January 2008 Archives

1988 Called - It Wants Its Car Back

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So I guess the Smart Fortwo is now available in the US. Two seat micro-car, $12-15K, 33/41 MPG.

I used to drive a Ford Festiva back in the day. I paid about the same for it in constant dollars, got about 32 in the city and about 40 on the highway.

Oh, yeah - 'back in the day' == 1988. Good to see that the auto industry has come so far. Tell me again why they stopped making Festivas (especially given the automotive abortion that replaced it - the Aspire)?


Went to see In The Name Of The King with my son yesterday, mainly because we're both big Jason Statham fans.

The good:

  • Claire Forlani, Leelee Sobieski, and Kristanna Loken (double points for her as a vine-swinging lesbian forest nymph) are all hot.
  • I could listen to John Rhys-Davies read from the phone book.
  • The fight scenes were generally well done.
  • Statham played pretty much the same character he always does, which was fine by me (kind of like how Ryan Reynolds plays Berg most of the time, regardless of what role he really has).
The bad:
  • I would have preferred Rhys-Davies reading from a phone book to most of the lines he actually had.
  • Some of the casting was just terrible. Burt Reynolds as the king?!? Ray Liotta as the evil wizard?
  • About Liotta: he probably could have pulled it off, even without your standard-quasi-British Eurofantasy accent, but his hair and costume people couldn't have been working from the same directions as everybody else. His hair was a straight-up Mob pompadour, and his collared tunic and black leather coat made him look like he walked in from the set of Goodfellas III whenever he was shot from the waist up!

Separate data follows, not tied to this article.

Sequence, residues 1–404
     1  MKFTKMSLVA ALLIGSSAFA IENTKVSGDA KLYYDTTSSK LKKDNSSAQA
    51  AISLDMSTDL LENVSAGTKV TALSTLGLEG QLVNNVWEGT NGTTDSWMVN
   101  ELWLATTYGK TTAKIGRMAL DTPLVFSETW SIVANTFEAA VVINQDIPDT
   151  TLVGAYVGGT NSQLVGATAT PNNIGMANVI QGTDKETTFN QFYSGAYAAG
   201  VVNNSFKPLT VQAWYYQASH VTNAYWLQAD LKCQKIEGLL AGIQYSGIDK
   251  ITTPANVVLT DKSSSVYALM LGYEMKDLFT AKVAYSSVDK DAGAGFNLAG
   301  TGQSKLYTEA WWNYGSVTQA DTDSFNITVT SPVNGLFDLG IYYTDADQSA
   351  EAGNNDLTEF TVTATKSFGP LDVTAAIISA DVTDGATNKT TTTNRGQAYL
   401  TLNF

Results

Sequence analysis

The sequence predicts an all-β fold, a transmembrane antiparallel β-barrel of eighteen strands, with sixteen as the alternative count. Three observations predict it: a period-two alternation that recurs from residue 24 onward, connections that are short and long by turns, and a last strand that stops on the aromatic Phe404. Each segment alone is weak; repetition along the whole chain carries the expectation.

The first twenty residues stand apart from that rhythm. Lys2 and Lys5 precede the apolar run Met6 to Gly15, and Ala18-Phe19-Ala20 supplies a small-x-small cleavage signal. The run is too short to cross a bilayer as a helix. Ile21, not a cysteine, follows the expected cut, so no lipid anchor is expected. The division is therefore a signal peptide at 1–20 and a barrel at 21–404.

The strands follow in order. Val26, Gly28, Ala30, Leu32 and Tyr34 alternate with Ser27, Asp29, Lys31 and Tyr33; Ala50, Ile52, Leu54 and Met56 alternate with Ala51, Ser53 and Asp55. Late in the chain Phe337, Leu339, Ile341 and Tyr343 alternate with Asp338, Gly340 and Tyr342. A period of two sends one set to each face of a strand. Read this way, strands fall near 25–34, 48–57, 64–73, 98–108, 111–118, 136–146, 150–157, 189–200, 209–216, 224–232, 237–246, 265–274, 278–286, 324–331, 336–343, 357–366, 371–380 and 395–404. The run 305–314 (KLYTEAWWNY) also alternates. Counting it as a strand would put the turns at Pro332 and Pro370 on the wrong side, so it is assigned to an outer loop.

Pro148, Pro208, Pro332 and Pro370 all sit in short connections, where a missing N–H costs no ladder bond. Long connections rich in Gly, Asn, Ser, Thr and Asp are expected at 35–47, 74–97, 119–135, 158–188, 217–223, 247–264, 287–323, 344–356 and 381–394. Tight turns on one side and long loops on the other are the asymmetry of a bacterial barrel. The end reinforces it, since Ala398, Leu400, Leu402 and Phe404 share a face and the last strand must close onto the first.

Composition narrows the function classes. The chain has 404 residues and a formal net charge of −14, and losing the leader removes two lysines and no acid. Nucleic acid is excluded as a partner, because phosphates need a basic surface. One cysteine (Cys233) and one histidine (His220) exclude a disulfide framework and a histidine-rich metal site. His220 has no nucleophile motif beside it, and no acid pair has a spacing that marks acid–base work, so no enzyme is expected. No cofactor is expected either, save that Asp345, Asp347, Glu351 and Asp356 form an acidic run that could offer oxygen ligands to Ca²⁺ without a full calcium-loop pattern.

• One of my fantasy movie pet peeves: it's not clear Who's running the theology. There were occasions where characters talked about God; on others, they talked about 'the gods.' Sure, they could have done it on purpose (after all, we're not all the same religion), but I think the continuity guys were just asleep that day.
  • The dialog was... off. It wasn't really the accents (although Liotta didn't even bother); it was more like they couldn't decide whether they wanted a medieval/fantasyish or a modernish tone to their dialog, so they took constructs and phrasing from both, and accomplished neither. I'm not a fantasy snob, so I don't need "thou's" and "mayhap's" (and in fact I tire of them quickly), but you can set the right mood without doing that, and they didn't.
  • The wire work was blatant and obvious, especially the catapulting Krugs and the levitating Liotta.
  • I swear I'm not making this up - In this Euro-esque fantasy setting, the King's personal protective detail is... Ninjas!

The Verdict: My son liked it a lot. I thought it was OK.
Under What Circumstances Would I See It Again: Probably none. I might rent the DVD if the director's cut has nekkid scenes.


Normally, I really enjoy it when Bill Scheft comes on Bob & Tom. However, he was pretty focussed on talking about the writers' strike (he's the 'strike captain' among the Letterman show writers), which turned Tuesday's appearance into 24 minutes of laugh-free radio(*). If I wanted to watch Meet The Press, I'd roll out of the rack before one on Sundays. Of course, that would require me to radically change how I spend my Saturday nights, which ain't gonna happen.

By the way - American Gladiators (re)premiered earlier this week, and 12 million people watched. If I were in the writers' guild, this would scare the hell out of me.

(*) OK, I laughed twice. But that's still way below average.



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